At the beginning it is best to start with easy sentences in English. These sentences have one clause, meaning one subject and one verb. When I'm teaching about the Grammar of sentences I like to show the children the Subject and Verb parts of speech on a diagram that looks like a train.
It's super easy. If you keep the sentences short, the children will understand quickly. You can also use our diagramming pages so the children get the picture, the map of where the grammatical terms sit.
I like to start on the board or a sheet of paper with a tiny diagram. Show that the subject and the predicate verb sit on the main line with a descending line to separate them.
Write Subject on the left of the diagram and Verb on the right (at this time use verb as short for predicate).
Then have fun with it. Draw a train around the words with a Subject-engine and a Verb-tender car complete with coal in the tender.
Later you can show an Object-caboose. Keep it simple at the beginning while they learn the terms.
Subject = Doer
Verb = Action (State of being and tenses can be added for older children, too.)
The subject does the action. To restate, "Doer acts." "Subjects verb."
Then demonstrate several two word sentences. Two word examples are easier to create if you think of the plural third person. Using the season or the children's favorites catches their attention:
They'll remember the terms Subject and Verb if you repeat them often enough, and they'll remember them better if they will draw the diagrams and write the words on their own papers.
Of course, they'll really enjoy it if you suggest several subjects that they can use with their own verbs. Let them add in the articles and adjectives. And, oh, yes. The ever present, "I" sentences:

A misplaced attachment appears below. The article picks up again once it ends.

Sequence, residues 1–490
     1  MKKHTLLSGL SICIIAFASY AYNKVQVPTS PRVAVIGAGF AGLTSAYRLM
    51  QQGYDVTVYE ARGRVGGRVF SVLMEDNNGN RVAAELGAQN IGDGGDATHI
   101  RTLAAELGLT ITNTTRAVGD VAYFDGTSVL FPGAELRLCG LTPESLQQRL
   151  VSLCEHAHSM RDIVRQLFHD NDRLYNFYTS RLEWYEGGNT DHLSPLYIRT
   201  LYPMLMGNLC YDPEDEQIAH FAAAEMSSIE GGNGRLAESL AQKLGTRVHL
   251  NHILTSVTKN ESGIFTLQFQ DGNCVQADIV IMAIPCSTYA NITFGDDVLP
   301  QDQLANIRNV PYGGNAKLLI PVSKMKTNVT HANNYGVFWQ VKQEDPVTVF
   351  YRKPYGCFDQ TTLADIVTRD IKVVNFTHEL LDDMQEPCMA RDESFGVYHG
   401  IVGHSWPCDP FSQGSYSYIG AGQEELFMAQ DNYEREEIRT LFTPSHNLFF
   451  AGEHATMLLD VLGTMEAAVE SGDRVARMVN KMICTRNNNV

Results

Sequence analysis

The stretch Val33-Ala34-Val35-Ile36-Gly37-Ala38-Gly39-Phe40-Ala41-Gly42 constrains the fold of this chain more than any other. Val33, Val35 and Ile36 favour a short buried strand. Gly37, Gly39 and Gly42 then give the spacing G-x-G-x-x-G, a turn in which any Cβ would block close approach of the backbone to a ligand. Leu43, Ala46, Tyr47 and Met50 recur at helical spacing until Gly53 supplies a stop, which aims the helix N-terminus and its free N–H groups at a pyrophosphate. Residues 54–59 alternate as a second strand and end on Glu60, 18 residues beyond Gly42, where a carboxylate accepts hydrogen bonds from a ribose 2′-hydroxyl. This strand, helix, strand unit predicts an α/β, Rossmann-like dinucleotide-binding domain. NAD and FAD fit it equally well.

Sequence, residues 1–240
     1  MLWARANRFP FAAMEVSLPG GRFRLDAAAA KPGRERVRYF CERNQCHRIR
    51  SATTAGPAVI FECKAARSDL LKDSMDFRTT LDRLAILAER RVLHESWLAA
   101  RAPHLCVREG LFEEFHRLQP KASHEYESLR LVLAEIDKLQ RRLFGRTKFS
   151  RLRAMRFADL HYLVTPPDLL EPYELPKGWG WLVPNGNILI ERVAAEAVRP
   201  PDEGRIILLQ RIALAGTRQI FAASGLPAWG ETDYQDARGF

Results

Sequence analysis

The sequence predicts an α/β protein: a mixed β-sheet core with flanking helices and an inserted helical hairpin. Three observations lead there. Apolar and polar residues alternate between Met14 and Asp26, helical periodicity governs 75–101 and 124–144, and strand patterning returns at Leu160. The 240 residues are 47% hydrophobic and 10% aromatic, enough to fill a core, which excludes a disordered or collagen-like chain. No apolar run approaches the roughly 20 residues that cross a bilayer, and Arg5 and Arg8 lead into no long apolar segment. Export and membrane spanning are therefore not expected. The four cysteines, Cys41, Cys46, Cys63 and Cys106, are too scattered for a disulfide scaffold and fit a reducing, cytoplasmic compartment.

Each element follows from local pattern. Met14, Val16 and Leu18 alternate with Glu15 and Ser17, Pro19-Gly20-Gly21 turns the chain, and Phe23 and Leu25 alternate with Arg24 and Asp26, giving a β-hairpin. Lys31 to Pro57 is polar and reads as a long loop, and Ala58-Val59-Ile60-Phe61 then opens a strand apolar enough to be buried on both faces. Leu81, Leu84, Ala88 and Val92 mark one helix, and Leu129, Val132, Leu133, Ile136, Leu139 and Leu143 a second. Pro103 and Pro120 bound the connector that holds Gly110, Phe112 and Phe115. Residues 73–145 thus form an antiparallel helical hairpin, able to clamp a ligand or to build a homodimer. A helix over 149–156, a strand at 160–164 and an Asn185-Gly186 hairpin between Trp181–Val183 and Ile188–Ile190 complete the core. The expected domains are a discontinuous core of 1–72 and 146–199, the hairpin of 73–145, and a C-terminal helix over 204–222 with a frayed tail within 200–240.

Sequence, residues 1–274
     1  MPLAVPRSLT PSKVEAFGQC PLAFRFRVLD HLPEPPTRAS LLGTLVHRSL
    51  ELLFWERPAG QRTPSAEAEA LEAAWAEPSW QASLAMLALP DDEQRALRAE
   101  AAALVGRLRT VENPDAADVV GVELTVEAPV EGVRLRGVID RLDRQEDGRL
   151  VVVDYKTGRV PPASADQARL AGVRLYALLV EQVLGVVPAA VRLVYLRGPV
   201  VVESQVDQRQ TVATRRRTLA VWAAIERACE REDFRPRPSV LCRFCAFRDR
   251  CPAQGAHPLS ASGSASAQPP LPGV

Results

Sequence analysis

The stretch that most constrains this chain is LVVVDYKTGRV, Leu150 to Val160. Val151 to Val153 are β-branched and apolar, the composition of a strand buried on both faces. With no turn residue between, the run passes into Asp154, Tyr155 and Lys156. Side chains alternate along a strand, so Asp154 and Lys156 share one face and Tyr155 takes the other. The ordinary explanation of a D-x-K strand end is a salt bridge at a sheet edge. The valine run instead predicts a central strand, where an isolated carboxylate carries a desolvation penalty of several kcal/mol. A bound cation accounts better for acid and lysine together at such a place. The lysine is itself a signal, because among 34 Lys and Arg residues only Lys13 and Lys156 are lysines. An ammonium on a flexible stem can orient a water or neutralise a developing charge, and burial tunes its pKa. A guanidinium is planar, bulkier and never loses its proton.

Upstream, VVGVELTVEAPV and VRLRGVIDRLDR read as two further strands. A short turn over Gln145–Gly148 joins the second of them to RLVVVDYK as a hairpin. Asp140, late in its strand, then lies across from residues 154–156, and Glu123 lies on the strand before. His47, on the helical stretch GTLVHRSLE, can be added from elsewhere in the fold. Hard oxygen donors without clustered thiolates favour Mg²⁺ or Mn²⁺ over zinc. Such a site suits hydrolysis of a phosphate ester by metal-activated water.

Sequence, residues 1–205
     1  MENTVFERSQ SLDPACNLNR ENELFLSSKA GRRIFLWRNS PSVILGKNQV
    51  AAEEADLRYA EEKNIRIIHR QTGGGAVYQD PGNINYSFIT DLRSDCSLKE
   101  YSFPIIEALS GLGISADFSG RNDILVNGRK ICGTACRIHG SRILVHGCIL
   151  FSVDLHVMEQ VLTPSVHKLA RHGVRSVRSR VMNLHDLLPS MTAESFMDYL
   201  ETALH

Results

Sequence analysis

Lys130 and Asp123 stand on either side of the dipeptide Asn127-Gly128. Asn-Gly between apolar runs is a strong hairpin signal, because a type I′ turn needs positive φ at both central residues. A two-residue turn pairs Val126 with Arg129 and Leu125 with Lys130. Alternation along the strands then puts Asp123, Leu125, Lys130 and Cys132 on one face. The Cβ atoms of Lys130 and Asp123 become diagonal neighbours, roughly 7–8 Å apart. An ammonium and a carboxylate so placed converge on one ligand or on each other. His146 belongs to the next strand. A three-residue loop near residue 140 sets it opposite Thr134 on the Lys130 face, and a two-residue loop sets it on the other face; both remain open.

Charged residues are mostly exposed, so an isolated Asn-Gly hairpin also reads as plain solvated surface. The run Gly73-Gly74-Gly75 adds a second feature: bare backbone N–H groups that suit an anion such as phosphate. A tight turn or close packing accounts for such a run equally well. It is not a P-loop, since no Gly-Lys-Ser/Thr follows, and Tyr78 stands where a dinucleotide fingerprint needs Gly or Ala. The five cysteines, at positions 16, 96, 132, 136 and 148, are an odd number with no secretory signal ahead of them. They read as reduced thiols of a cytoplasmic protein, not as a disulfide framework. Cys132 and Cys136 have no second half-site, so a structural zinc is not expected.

These give students a good idea of basic sentences. Advise the children to capitalize the first letter in a sentence and to choose an end punctuation: period, exclamation point, or question mark.
The main point to emphasize is that the words must make sense together.
You can teach the past, present, and future by putting tiny sentences in order of time: past, present, and future. I like to teach the tenses with a timeline.
These easy sentence worksheets have three to five sheets in each download:
Kids love seeing the image of a train! And the similarity works for most of beginning Grammar.
Now add the object:
Objects answer the question, "What?"
In the beginning it helps vastly if you model short examples of easy sentences in English, especially if you have ESL students. Then provide suggestions of several nouns and several verbs. Teach the capitalization and punctuation rules at the same time as you are teaching sentences. They like being able to see where a sentence begins and where it ends.
Declarative Sentences - A declarative sentence, according to USE, is a sentence that makes (declares) a statement and ends with a period.
Interrogative Sentences - An interrogative sentence, according to USE, is a sentence that asks a direct question and ends in a question mark.
Imperative Sentences - An imperative sentence, according to USE, is a sentence that gives a command (an entreaty, a warning, a prohibition, etc.) and ends with a period or an exclamation mark. Go. Fetch. Help me! Thou shalt not kill.
Exclamatory Sentences - An exclamatory sentence, according to USE (an exclamation), is a sentence that expresses a strong emotion and ends with an exclamation mark. Fire! I wish you a Happy Birthday! Grandma and Grandpa are coming for Easter!
See our punctuation worksheets here.
We have lots more manuscript and cursive writing worksheets that you can buy in our printable English Grammar Worksheets bundle to add to these samples.
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